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$17,653
pledged of $20,000pledged of $20,000 goal
307
backers
0seconds to go
Funding Unsuccessful
The project's funding goal was not reached on Thu, April 12 2018 5:05 PM UTC +00:00

Q&A: AI and Traits

Posted by Tom Johnson (Creator)
2 likes

For this update, I thought I would cover a few more of the questions I've received from backers and interested people in other parts of the internet.

1. How does the AI work? Can creatures make emotional bonds with each other?

There are two layers to creature AI. At the lowest level, there's a nervous system where inputs travel down a pipeline, are processed by neurons in different ways, and then are eventually sent down to control the contraction of muscles.

A step above that, there's a behavior tree which controls some of the inputs to the lower level nervous system AI. This system implements more large-scale behaviors and responds to higher level details of the creature's situation. For example, the behavior tree would choose a target swimming direction based on where it thinks it is likely to find food, and the nervous system has this swim direction as an input to guide its motion.

Both systems are customizable by the player and by natural selection, and they are basically programming languages unto themselves, so they should be capable of creating really diverse array of behaviors. For the suggestion of emotional bonds, I like the idea a lot. It may be something I will have to experiment with to see how well it works as part of the overall AI system, but I think that would add substantially to the ability of the game to generate interesting stories, the way that games like Dwarf Fortress or Rimworld do.

2. How will predatory and defensive mutations work? Can things like claws, constricting appendages, poisonous barbs, projectiles, and other such appendages evolve in the game?

Evolutionary arms races between predator and prey populations are definitely something I want to support. Some mutations like this should just naturally fall out of the way that existing systems are implemented: for example, prey AI evolving to freeze in the presence of a predator, since a moving creature is easier to detect than a still one. Other examples might include behaviors like swimming in schools, or having skin that closely blends into the surrounding area. I also hope to add additional traits, such as varying fields-of-vision and vision depth, skin toughness, carapaces, bio-luminescence, lures, bite strength, and more. Traits like these that don't come with obvious downsides will impose additional costs in terms of the energy and nutrients that a creature requires, so that whether or not a specific trait pays off for a creature depends on the details of its environment and what other creatures live there.

Thanks to everyone who asked questions, and thank you for reading.

Tom

Tom Harriss and Frederick Wrigley like this update.

Comments

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    1. Tom Johnson 2-time creator on

      I think you are right. It's a really good question. I could be getting this wrong, but the impression I got was that the genes tell a cell to divide or change type or move based on their chemical environment, and the bilateral symmetry basically comes from a bilateral symmetry in the initial chemical distribution rather than the 'instructions' directly (for example, specific hormones are different at the top and bottom of a creature, distinguishing them; this doesn't happen on the left and right sides). Biologists seemed to think there were selection pressures that favored bilateral symmetry when it came to moving (it helping to steer and to not have different amounts of drag on each side of the body), so I think it may be a combination of both symmetry being easy to make and being important for directed movement (and the fairly small population size, compared to Earth, of creatures in the game). Thanks for writing that, I think I learned a lot for the game from trying to answer.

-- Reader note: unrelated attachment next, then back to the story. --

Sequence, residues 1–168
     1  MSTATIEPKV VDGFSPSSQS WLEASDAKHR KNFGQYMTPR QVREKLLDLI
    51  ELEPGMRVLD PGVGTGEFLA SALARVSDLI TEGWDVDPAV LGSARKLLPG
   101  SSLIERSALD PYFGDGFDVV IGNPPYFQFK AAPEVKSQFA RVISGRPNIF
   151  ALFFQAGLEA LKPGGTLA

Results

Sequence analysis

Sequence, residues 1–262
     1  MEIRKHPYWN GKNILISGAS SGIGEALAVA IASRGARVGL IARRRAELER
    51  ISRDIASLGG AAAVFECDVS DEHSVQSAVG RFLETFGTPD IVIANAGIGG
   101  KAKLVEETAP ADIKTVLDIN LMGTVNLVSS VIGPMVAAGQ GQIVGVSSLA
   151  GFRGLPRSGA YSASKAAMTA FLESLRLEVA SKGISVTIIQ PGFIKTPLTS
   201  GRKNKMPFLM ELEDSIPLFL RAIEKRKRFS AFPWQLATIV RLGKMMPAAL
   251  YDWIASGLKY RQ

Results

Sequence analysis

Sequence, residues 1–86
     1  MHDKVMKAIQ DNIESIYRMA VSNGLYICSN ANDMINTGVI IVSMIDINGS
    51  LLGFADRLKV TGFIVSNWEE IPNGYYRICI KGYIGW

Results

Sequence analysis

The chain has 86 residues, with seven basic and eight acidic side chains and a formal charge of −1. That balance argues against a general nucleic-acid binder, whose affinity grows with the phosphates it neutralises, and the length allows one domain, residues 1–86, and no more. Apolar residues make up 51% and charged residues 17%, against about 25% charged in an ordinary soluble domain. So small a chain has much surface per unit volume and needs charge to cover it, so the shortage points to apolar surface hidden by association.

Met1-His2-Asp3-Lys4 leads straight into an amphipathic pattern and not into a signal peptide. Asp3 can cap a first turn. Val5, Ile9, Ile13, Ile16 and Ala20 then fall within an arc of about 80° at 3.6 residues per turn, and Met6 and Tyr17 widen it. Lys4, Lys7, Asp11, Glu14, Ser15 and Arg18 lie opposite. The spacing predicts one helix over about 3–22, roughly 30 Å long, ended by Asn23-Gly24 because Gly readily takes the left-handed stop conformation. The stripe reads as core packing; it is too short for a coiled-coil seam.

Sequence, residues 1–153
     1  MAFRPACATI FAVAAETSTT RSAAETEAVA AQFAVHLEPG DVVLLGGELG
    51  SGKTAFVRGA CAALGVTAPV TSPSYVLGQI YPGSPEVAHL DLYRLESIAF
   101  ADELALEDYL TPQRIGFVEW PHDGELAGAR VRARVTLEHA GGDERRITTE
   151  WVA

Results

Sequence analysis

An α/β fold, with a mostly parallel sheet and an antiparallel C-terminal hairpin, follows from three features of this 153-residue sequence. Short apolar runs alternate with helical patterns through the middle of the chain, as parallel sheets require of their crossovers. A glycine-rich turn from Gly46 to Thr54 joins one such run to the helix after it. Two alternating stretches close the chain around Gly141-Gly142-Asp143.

2. Greg on

      I wonder if it's easier for real life biology to encode, build, and control symmetrical components than anything asymmetrical, and that's why there's a strong tendency towards symmetry. Any biologists around that could clarify/correct me?

      Because if that's the case, I'd be surprised if the simulation favored symmetry as heavily - there just isn't the same kind of fundamental push for symmetry as real life has.

    3. Tom Johnson 2-time creator on

      Hi Tom! I think that it should, over time. I think that for real fish, most of the thrust is generated by their tail fins, and the symmetric fins (e.g. pectoral fins) are more about balance and steering (with exceptions in some species, of course). Since many creatures in the trailer were tested for just swim speed in any direction, there wasn't a strong force pushing for them to evolve such symmetric fins. When I test for target-seeking behaviors, I tend to see more symmetry (though still not as much as in real life). I'm still adjusting this, and I may see if I can adjust the way that the DNA is written so that symmetric body parts are more likely to appear when mutations occur. This may also potentially help target-seeking fish to evolve more quickly as well. Thanks for your question.

    4. Tom Harriss
      Superbacker
      on

      Will the creature development tend toward symmetry?